Customer Experience and Value Engineering

AUTHOR: Michelle Badenhorst, Head of Customer Experience (CX)

Value Engineering

South African consumers are first and foremost seeking savings opportunities. Even though they are very loyal to their brand, price could be the ultimate factor, causing consumers to move to a cheaper brand.  However, the consumers’ perception of “value for money”, is the biggest determining factor when making buying decisions and ultimately drives customer loyalty. Thus, the perception of “value” is not only based on low prices.

From a business perspective, a company should be able to gain profits while ensuring customers receive value for their money. The challenge lies in the manifestation of benefits:  Customers often don’t see or perceive the real “value” they get when interacting with a brand – therefore, companies should find a way to clearly articulate the complete set of benefits and value to their customers.

Customer experience management is the process of engineering value and balancing what customers deem valuable with what a business considers valuable. It’s the art of balancing customer expectations with business profitability. If there is a lack of value engineering, customers feel devalued and become disloyal. This means organisations need to re-connect with their customers ensuring they become partners in the value creation process.

Companies can leverage this opportunity by creating a cohesive end to end customer experience with key components: products and/or services. Due to the huge price battle between competitive brands, the superiority of customer experience is becoming the new competitive advantage.

Customer Experience

Steve Jobs said, “It’s technology married with liberal arts, married with humanity, that yields the results that make our hearts sing.” Very few companies use a systematic approach to design and deliver high-value customer experiences that you would want to sing about.

In this very competitive market, companies need to know and understand what customers deem valuable, as value creation is a commodity and not a differentiator. The experience is the value proposition and not the by-product. Value is created through a multi-dimensional, well-integrated, and intentionally orchestrated experience.

“An experience occurs when a company intentionally uses services as the stage, and goods as props, to engage individual customers in a way that creates memorable events.” Customers perceive experiential value both rationally and emotionally. Companies like Starbucks found a way to create emotional economic value that goes beyond the physical characteristics of their product. They manage to create value on a deeper emotional level by engaging sensory information and memories. They carefully manage the full spectrum of customer interactions entrenched throughout the coffee experience to intensify and regulate how customers feel about their experience, brand and themselves.  It’s for this reason that companies must value hard-earned experiential trust – a diverse, but highly noteworthy form of equity.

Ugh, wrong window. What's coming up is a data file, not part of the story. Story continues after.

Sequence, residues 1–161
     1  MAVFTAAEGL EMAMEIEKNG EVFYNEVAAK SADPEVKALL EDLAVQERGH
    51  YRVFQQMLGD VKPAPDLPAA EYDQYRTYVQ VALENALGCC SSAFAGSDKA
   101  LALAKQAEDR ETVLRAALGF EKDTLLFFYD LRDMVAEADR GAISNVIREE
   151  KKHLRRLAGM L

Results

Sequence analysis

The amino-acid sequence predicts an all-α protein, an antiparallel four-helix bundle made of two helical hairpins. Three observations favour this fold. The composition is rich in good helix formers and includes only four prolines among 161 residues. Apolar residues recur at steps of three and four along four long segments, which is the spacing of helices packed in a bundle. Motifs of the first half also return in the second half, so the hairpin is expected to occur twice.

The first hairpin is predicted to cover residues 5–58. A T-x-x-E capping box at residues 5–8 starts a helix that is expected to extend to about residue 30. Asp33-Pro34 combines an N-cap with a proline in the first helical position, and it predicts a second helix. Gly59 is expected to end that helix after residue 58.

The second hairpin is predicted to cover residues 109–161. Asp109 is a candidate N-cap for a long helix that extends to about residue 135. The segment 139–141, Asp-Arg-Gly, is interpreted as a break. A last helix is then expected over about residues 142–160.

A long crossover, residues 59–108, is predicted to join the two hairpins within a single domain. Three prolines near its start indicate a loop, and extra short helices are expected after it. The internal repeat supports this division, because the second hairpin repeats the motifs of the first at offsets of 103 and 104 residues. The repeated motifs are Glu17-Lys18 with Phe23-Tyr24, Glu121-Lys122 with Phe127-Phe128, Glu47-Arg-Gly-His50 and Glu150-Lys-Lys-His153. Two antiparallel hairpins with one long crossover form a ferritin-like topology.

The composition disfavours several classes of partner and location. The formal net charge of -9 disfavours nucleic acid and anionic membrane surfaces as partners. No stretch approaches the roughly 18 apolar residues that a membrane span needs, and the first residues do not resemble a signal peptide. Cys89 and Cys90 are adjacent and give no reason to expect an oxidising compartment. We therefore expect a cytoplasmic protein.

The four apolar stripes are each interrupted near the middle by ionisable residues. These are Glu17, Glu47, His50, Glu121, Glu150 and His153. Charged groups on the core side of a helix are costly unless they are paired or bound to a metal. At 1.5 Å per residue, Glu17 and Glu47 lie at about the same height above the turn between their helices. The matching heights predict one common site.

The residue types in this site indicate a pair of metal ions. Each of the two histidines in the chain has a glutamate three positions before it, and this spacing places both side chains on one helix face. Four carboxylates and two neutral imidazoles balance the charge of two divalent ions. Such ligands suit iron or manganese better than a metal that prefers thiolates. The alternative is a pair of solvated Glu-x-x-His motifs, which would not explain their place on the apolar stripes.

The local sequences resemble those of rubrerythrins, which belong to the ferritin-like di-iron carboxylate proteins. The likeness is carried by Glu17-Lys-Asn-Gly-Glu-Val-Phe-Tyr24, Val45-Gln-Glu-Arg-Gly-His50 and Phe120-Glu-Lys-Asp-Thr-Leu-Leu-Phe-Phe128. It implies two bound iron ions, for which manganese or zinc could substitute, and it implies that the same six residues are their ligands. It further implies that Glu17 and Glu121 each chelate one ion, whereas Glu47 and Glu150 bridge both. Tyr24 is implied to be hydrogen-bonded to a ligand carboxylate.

95% of consumers’ decision making are unconscious and second nature. The physical characteristics of a product or service has a lesser effect on consumer buying behavior than the unconscious sensory and emotional elements originated from the experience. This confirms the need for a systematic approach to managing sensory and emotional elements emanated throughout the experience.

Value Engineering and the Customer’s Emotional Journey

Many companies still fail to recognise the influence of customers’ emotions in their buying behaviour and don’t have the slightest idea of the importance of customers’ feelings when making decisions to buy or not to buy. They rather choose to create journeys or processes that is sufficient from  a business perspective. They look at the customer experience from inside the business, using a typical Inside-Out Approach,  rather than an Outside-In Approach with a customer-centric focus.

One of the Customer Experience Management (CEM) lenses, is the emotional journey. This will help to understand how your customers are feeling at each touch point and even indicate the intensity of their emotions. Using a CEM Framework will give you the opportunity to not only identify your customers’ emotions, but also to meticulously reflect and design an experience that will create happy and positive emotions throughout the customer journey.

The question is, which emotions should our customer experience be evoking?

Colin Shaw from Beyond Philosophy refers to the emotional connection a business has with its customers as an Emotional Signature. The first step is to identify what emotions you want to evoke and then to carefully design an experience that will evoke these emotions throughout each touch point.

Often the emotional journey will look something like this:

Research has shown that there is a strong correlation between customer’s emotions and their loyalty. The reason for this is that customers value the ‘reality’ they perceive and feel, and in turn, their emotions influence their loyalty.

To manage your customers’ emotions effectively and predict their buying behaviour, you need sufficient data relating to your customers’ emotions. This is where Predictive Analytics prove to be beneficial.

Sources:

  • July, 2016, “South Africa’s cautious consumer” (http://www.mckinsey.com/industries/consumer-packaged-goods/our-insights/south-africas-cautious-consumer)
  • Lewis P Carbone, “How to keep customers coming back again and again”
  • Lewis P Carbone believes that “the value and willingness to pay increase as you move from a commodity to an experience”.
  • Lewis P Carbone, “How to keep customers coming back again and again”
  • Brain Solis, “X: The experience when business meets design”
  • Beyond Philosophy, Clued In: How to keep customers coming back again and again